« Reply #6 on: 02 Feb 2014 08:12PM »
There were dragons in the streets today...

seegee

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Re: The Chinese new year of the wooden horse.
« Reply #7 on: 02 Feb 2014 08:13PM »
lanterns in the trees...

seegee

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Re: The Chinese new year of the wooden horse.
« Reply #8 on: 02 Feb 2014 08:15PM »
...and lots of people

NeuralgicNeurotic

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Re: The Chinese new year of the wooden horse.
« Reply #9 on: 02 Feb 2014 09:12PM »
There's usually a good show each year in Belfast. Sadly, I won't get to see it this time round  :-(

starsmurf

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Re: The Chinese new year of the wooden horse.
« Reply #10 on: 02 Feb 2014 10:02PM »
What's this thing nowadays of the "wooden" horse and the "water" snake?
I've always known them simply as the years of the horse and snake.  I was born in the year of the dog, what's that now?.......the "temple" dog?  >doh<

There is a rational explanation for why the Chinese calendar works the way it does.  The years have always been measured with the "wooden horse" way, it's not a new thing, but we in the West just never heard about it until recently.

The twelve year cycle is to do with which of the constellations Jupiter will be in.  Jupiter takes twelve years to complete one orbit around the Sun.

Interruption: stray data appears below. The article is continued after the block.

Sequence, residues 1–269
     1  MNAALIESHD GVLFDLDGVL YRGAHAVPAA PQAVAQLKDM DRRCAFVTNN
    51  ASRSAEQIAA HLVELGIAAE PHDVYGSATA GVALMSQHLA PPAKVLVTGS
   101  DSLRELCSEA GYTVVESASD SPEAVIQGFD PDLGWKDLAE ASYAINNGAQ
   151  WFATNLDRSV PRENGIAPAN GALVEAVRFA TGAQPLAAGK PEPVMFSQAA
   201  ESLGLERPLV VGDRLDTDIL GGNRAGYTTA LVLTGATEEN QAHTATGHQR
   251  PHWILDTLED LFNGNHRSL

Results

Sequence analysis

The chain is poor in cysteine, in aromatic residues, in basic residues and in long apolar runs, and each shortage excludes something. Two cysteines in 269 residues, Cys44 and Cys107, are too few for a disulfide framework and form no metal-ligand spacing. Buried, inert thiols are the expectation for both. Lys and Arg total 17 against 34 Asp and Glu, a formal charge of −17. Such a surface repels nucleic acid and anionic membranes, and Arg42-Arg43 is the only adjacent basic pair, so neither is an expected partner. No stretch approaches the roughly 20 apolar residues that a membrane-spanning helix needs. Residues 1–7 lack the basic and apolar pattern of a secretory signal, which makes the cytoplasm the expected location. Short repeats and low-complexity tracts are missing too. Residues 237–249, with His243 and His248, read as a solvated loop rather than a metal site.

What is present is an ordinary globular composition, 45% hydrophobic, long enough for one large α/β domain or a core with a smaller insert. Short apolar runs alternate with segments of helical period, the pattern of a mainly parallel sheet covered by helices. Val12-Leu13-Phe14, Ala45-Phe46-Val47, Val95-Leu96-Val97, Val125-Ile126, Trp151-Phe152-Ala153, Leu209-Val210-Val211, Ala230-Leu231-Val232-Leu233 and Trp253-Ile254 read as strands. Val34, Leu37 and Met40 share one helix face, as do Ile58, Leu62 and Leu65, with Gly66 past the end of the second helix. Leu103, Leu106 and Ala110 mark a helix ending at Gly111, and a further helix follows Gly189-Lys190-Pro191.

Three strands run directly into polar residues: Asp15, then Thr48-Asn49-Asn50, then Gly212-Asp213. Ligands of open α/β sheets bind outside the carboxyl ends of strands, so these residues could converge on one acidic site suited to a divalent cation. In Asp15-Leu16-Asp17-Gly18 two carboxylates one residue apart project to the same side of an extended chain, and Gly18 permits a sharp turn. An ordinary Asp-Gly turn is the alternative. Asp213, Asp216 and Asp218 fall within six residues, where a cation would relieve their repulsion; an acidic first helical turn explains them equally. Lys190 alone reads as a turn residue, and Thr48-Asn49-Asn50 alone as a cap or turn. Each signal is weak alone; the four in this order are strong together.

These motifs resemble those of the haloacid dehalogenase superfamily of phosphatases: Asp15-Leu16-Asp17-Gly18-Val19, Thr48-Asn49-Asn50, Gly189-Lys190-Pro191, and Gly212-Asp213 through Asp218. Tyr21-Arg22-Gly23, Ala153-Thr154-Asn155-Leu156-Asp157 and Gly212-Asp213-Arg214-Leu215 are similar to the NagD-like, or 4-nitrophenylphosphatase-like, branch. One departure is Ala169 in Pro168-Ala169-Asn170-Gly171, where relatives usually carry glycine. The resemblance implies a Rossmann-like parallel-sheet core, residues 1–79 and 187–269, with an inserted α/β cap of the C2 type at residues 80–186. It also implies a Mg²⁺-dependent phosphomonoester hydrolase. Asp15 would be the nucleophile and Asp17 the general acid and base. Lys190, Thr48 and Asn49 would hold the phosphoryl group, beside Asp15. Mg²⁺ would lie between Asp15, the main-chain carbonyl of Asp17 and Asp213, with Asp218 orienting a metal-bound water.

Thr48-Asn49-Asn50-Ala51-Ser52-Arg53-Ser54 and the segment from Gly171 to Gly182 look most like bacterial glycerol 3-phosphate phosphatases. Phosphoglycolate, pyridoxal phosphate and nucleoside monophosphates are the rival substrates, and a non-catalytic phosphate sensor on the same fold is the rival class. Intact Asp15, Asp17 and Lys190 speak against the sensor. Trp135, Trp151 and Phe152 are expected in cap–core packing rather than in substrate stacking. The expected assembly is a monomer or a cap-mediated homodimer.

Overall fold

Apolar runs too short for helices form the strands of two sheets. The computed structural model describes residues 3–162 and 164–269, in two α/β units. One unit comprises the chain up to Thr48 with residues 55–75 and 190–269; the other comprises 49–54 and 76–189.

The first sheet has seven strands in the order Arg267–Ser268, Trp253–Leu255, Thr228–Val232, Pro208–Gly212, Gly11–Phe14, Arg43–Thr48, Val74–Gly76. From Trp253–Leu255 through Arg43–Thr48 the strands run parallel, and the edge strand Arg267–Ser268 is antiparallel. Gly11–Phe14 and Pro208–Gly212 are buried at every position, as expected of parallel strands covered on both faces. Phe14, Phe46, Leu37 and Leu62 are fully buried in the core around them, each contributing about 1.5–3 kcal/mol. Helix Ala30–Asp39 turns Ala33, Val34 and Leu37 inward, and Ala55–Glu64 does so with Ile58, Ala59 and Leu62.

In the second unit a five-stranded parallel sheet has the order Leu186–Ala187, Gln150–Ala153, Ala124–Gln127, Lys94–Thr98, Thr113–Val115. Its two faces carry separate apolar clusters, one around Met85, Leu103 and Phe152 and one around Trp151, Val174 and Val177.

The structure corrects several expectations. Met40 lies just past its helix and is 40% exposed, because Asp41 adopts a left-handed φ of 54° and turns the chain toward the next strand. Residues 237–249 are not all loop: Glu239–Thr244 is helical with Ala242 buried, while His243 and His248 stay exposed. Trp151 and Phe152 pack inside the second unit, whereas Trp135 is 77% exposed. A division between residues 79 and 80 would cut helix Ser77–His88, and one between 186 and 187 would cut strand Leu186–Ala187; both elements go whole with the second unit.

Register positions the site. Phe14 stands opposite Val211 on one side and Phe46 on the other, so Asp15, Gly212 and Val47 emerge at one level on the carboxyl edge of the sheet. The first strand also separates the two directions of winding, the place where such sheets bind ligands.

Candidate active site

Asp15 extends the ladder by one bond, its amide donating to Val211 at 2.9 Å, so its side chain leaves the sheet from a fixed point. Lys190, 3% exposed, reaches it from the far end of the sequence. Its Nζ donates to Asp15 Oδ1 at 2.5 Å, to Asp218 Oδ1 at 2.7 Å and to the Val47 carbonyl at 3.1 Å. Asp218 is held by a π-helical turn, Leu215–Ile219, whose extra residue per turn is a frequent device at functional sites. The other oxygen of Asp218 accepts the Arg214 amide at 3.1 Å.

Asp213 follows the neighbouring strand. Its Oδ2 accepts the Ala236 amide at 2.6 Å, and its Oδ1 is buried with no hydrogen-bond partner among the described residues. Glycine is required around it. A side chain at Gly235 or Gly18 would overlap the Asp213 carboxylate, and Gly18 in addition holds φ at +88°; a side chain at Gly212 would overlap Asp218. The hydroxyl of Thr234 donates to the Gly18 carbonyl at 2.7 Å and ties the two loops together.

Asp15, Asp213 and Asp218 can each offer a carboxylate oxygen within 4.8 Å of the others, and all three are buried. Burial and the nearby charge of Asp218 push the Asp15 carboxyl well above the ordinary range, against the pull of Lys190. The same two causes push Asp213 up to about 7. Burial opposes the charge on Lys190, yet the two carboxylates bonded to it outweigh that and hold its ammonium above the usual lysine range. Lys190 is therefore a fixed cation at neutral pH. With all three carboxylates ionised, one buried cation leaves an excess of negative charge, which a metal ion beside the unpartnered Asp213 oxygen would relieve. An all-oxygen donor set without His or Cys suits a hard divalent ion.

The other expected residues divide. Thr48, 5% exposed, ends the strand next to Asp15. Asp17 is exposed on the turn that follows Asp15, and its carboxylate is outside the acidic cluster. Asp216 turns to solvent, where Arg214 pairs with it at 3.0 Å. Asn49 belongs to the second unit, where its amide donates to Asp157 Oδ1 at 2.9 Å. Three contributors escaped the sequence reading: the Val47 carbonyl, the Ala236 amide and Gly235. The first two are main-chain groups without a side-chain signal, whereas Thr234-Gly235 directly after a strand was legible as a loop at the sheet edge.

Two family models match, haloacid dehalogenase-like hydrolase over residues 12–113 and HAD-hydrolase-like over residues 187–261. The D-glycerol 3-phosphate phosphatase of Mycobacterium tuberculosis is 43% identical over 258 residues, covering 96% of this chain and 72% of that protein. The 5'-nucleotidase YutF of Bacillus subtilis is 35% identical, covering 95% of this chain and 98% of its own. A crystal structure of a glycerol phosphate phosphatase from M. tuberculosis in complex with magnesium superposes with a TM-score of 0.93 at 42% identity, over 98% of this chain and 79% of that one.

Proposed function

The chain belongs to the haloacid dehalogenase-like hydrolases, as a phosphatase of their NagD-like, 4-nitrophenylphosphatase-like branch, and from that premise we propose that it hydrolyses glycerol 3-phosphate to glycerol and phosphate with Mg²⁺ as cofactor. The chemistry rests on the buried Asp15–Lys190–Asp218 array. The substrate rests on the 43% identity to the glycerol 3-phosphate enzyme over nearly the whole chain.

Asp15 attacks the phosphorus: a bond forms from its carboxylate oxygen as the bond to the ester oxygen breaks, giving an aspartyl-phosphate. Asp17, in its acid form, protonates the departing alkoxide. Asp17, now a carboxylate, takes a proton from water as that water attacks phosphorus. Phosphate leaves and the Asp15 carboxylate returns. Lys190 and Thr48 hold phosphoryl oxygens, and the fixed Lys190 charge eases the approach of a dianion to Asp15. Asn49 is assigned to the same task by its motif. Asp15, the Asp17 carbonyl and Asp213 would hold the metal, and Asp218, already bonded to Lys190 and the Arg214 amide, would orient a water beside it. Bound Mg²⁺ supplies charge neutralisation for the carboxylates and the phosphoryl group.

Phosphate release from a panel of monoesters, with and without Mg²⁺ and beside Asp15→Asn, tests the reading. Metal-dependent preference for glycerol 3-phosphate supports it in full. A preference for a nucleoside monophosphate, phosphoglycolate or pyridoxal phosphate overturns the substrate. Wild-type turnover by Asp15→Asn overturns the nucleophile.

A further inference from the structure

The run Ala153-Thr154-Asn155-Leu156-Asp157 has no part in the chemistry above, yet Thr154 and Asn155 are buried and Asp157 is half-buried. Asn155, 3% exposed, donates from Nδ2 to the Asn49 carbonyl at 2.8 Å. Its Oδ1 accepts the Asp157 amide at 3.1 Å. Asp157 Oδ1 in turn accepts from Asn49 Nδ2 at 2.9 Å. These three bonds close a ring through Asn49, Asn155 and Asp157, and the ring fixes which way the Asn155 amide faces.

The sixty-year cycle is to do with exactly how it travels through these constellations.  The planets all travel in a plane around the Sun, like the rings around Saturn.  However, there are slight differences with the angle of one planet's orbit compared to another. 

The orbit of Jupiter is slightly "tilted" with respect to Earth's orbit, think of a hat worn at a slight angle.  This tilt affects how high or low in the sky Jupiter appears.  So in one year of the horse, Jupiter could be above the constellation and then twelve years later it could be slightly below the constellation.

This tilt means that it takes sixty years, or five Jupiter orbits, to appear at the same elevation in the same constellation.  As a result, many cultures have this sixty-year cycle in their astrology.